April, which is National Distracted Driving month has just come to an end—a time when the National Safety Council (NSC) and other safety organizations work to spread awareness about the dangers of distracted driving. As they seek to change driver behavior through education, many states are considering taking additional measures to improve enforcement of texting bans.
One of those measures would include supplying police with new devices called “textalyzers” that would help prove if drivers were using their phones before being involved in accidents.
Technology Could Help Prove Distracted Driving
The new textalyzer technology is modeled after the Breathalyzer, which detects alcohol levels in the blood.
Police have long used the Breathalyzer to test for alcohol impairment in drivers. Because alcohol concentration in the breath is related to concentration in the bloodstream, an officer can simply have a driver exhale into the breathalyzer and instantly find out if there is a reason to charge him or her with drunk driving.
So far, however, there has been no similar way to test to see if a driver was texting before a crash. Police have to get a search warrant to search a phone or phone records. Even when they manage to get these warrants, it’s difficult to detect important distractions like the use of email, social media, or web browsing.
Because of these limitations, states that have banned texting and driving or other forms of phone-related distracted driving can find it near impossible to enforce these laws. That’s where a tool that would allow officers to test for phone use could prove very useful in prosecuting these crimes and reducing distraction on the road.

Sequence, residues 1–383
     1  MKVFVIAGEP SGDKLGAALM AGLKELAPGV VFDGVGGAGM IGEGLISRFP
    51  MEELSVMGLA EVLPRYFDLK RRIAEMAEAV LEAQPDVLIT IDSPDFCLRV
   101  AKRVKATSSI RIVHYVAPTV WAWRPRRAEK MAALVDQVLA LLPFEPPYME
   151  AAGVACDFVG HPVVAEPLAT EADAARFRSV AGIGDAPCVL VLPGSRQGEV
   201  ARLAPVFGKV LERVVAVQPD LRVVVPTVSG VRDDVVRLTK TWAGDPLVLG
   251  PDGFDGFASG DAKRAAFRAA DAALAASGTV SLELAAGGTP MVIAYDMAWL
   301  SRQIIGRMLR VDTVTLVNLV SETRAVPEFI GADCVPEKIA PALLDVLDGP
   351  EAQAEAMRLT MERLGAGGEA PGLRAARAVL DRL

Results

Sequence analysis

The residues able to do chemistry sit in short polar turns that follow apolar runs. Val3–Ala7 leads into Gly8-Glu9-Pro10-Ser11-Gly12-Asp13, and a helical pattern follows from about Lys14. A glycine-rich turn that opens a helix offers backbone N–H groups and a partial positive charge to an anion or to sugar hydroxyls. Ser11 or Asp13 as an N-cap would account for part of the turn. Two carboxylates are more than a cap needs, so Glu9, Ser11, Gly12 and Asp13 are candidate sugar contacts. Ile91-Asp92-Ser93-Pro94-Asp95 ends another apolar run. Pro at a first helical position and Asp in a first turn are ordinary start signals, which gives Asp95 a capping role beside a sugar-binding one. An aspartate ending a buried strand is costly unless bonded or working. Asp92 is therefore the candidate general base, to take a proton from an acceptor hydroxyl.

Does the Textalyzer Present a Privacy Risk?
The textalyzer is a new device that would allow law enforcement to prove that a driver was using his or her mobile phone prior to an accident. It looks like an iPad and can be connected to a phone, after which it downloads information like screen clicks and swipes, timestamps, whether messages were incoming our outgoing, and more. It does not access or store personal content.
The device was developed by Cellebrite, a technology company. Jim Grady, Cellebrite’s CEO, told Today that the device doesn’t download anything about what was said in texts or who said it, but only the touches and swipes.
Yet some consumer advocacy groups are concerned. Jay Stanley of the American Civil Liberties Union (ACLU) noted that once an individual hands over a phone to a police officer, there’s no guarantee that officer won’t look at or copy personal data.
Final Technology Waiting on Legislation
Lawmakers in New York and other states are considering allowing law enforcement access to these textalyzer devices. Concerned that too many people are being hurt and killed by distracted driving, lawmakers like the idea of having a way to determine distraction at the accident site.
After his 19-year-old son was killed in a car crash, Ben Lieberman of New Castle, N.Y. founded an advocacy group called Distracted Operators Risk Casualties (DORC). The group is working with Cellebrite to develop the textalyzer. The technology is not yet complete. Developers are waiting on legislation approving it to move forward.
Exclusively focused on representing plaintiffs, especially in mass tort litigation, Eric Chaffin prides himself on providing unsurpassed professional legal services in pursuit of the specific goals of his clients and their families. Both his work and his cases have been featured in the national press, including on ABC’s Good Morning America.